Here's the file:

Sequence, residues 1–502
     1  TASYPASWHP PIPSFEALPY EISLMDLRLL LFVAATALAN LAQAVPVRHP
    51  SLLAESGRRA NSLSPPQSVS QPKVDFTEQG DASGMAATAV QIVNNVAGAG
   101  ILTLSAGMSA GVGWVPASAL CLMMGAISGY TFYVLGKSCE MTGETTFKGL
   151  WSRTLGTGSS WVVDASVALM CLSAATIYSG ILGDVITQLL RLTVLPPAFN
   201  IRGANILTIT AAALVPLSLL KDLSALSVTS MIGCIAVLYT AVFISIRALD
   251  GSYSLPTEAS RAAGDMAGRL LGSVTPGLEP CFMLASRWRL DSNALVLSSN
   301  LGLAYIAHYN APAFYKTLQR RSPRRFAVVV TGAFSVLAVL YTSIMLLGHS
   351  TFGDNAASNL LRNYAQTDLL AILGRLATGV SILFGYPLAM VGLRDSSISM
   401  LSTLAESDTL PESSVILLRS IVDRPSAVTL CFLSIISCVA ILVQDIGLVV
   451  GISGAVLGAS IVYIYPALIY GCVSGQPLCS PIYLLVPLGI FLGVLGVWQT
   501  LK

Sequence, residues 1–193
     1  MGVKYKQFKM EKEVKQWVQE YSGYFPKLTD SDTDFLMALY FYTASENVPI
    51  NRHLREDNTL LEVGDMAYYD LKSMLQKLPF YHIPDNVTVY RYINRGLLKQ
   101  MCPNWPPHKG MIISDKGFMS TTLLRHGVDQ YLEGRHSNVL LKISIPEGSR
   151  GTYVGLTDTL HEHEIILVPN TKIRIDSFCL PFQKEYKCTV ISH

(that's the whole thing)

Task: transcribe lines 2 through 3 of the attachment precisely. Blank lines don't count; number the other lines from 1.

     1  TASYPASWHP PIPSFEALPY EISLMDLRLL LFVAATALAN LAQAVPVRHP
    51  SLLAESGRRA NSLSPPQSVS QPKVDFTEQG DASGMAATAV QIVNNVAGAG